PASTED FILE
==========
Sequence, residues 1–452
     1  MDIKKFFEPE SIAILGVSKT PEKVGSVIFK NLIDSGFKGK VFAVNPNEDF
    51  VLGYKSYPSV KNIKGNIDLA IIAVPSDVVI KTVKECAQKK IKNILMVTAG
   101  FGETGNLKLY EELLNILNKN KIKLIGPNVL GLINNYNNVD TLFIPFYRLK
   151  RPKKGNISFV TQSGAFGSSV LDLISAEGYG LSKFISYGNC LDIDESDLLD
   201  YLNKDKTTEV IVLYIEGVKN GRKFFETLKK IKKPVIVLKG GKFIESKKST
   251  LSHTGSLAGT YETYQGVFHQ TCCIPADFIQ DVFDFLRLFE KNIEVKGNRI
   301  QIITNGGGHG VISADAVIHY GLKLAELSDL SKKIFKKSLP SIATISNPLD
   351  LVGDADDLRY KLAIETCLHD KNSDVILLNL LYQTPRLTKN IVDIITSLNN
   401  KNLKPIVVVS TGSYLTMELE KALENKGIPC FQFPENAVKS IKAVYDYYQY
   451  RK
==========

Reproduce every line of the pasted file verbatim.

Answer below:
Sequence, residues 1–452
     1  MDIKKFFEPE SIAILGVSKT PEKVGSVIFK NLIDSGFKGK VFAVNPNEDF
    51  VLGYKSYPSV KNIKGNIDLA IIAVPSDVVI KTVKECAQKK IKNILMVTAG
   101  FGETGNLKLY EELLNILNKN KIKLIGPNVL GLINNYNNVD TLFIPFYRLK
   151  RPKKGNISFV TQSGAFGSSV LDLISAEGYG LSKFISYGNC LDIDESDLLD
   201  YLNKDKTTEV IVLYIEGVKN GRKFFETLKK IKKPVIVLKG GKFIESKKST
   251  LSHTGSLAGT YETYQGVFHQ TCCIPADFIQ DVFDFLRLFE KNIEVKGNRI
   301  QIITNGGGHG VISADAVIHY GLKLAELSDL SKKIFKKSLP SIATISNPLD
   351  LVGDADDLRY KLAIETCLHD KNSDVILLNL LYQTPRLTKN IVDIITSLNN
   401  KNLKPIVVVS TGSYLTMELE KALENKGIPC FQFPENAVKS IKAVYDYYQY
   451  RK